PBS to air special on Eero Saarinen
As a belated gift to the architecture community, PBS will be airing a new documentary about Finnish-American modernist architect Eero Saarinen. American Masters — Eero Saarinen: The Architect Who Saw the Future will air Tuesday, December 27th on PBS and will be available on DVD January 3rd, 2017. Peter Rosen is the film’s director and producer, and Eric Saarinen, ASC, Eero Saarinen's son, is the film’s director of photography and co-producer. Eric Saarinen grew up surrounded by design and architecture at Cranbrook Academy, a campus designed by his grandfather Eliel Saarinen, who taught there alongside Eric's godparents, Charles and Ray Eames. Throughout the documentary Eric visits Eero's projects across the country, filming in 6k video and using drones to document his father’s work as never before. The show looks at the National Historic Landmarked North Christian Church and the Miller House in Columbus, Indiana, the Deere & Company World Headquarters in Moline, Illinois, and MIT’s Kresge Auditorium. The soon-to-be-renovated TWA terminal at JFK airport is also highlighted, along with his design for Dulles Airport. Along with archival interviews with Eero and his his second wife, The New York Times art critic Aline Saarinen, new interviews with architects and critics discuss his legacy. Architects Kevin Roche, César Pelli, Rafael Viñoly, Robert A. M. Stern, and industrial designer Niels Diffrient all speak about the influence Saarinen had on their own work, while architecture critic Paul Goldberger, curator Donald Albrecht, author Jayne Merkel, and Cathleen McGuigan, editor-in-chief of Architectural Record, discuss his lasting impact on the field as a whole. “Closure was something I didn’t have with my dad. But I forgive him for his genius,” said Eric Saarinen. “He figured out a way to be important across time, so even though he died young, he is still alive.” American Masters — Eero Saarinen: The Architect Who Saw the Future airs Tuesday, December 27 at 8 p.m. on PBS as the series’s Season 30 finale.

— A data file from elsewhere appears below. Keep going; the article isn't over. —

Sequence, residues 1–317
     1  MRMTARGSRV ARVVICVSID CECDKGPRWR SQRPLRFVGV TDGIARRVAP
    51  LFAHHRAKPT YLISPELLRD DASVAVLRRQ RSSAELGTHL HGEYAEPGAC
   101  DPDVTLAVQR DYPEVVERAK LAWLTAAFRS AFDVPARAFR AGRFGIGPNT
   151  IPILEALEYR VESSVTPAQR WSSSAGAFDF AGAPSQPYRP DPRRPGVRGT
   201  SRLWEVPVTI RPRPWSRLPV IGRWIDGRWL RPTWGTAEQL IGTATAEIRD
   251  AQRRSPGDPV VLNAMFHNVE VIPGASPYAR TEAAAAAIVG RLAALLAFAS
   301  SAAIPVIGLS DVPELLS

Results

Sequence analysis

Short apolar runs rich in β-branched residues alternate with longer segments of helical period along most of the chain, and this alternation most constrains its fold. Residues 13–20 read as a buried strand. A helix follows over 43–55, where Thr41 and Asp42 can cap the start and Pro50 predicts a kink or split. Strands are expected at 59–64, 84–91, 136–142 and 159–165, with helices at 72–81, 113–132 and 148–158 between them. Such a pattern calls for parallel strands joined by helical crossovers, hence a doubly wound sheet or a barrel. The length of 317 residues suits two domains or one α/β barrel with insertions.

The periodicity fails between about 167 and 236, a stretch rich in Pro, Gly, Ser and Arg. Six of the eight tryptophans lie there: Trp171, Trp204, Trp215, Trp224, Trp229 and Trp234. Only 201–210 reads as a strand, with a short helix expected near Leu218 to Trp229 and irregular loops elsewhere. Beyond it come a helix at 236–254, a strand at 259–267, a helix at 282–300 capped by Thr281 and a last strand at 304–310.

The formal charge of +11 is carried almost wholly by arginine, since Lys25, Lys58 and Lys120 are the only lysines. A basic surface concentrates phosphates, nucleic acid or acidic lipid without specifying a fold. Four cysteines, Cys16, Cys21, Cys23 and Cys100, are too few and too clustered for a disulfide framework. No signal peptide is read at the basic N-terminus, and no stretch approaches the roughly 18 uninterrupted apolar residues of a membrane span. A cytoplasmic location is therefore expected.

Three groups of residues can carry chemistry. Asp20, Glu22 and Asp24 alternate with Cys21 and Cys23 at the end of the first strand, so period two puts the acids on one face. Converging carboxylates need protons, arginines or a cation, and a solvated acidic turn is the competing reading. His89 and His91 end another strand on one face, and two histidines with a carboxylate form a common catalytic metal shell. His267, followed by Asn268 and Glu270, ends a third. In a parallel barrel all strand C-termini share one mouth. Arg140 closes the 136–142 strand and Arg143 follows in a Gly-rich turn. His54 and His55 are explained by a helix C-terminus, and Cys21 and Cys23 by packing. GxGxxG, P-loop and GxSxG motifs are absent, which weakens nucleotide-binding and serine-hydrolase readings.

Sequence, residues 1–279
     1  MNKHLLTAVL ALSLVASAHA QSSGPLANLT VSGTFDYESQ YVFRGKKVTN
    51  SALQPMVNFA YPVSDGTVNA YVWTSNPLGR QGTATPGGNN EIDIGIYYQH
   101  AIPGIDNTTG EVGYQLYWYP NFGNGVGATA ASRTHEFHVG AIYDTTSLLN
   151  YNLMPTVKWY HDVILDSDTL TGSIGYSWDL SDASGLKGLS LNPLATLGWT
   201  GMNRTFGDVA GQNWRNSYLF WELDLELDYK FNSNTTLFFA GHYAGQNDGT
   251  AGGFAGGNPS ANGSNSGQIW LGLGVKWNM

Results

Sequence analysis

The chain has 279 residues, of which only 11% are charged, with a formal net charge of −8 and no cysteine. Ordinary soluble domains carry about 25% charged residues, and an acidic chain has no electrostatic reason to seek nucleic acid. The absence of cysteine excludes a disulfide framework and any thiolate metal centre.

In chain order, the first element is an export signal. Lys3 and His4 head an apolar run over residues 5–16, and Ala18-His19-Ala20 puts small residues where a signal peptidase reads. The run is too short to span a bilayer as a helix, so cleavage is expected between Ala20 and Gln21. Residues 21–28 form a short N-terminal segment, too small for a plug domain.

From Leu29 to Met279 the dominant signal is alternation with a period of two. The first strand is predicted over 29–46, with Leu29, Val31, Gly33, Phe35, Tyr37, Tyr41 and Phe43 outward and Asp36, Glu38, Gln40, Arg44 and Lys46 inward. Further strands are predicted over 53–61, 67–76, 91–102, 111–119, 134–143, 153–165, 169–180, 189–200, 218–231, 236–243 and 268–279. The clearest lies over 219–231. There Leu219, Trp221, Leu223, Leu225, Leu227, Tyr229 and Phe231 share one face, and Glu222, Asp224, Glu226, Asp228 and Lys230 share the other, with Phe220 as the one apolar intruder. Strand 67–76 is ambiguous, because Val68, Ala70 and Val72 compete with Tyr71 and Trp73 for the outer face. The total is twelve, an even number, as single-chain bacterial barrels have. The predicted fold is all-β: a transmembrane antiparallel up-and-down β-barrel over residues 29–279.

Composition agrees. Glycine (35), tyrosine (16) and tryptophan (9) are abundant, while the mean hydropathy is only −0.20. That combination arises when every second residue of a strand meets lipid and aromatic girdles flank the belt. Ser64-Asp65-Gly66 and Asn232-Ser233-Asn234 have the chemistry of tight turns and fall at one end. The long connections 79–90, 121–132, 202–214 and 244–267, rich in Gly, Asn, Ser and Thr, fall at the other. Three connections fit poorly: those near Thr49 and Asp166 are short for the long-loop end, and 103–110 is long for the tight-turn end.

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Head-to-Head

Ten finalists present installation proposals for Exhibit Columbus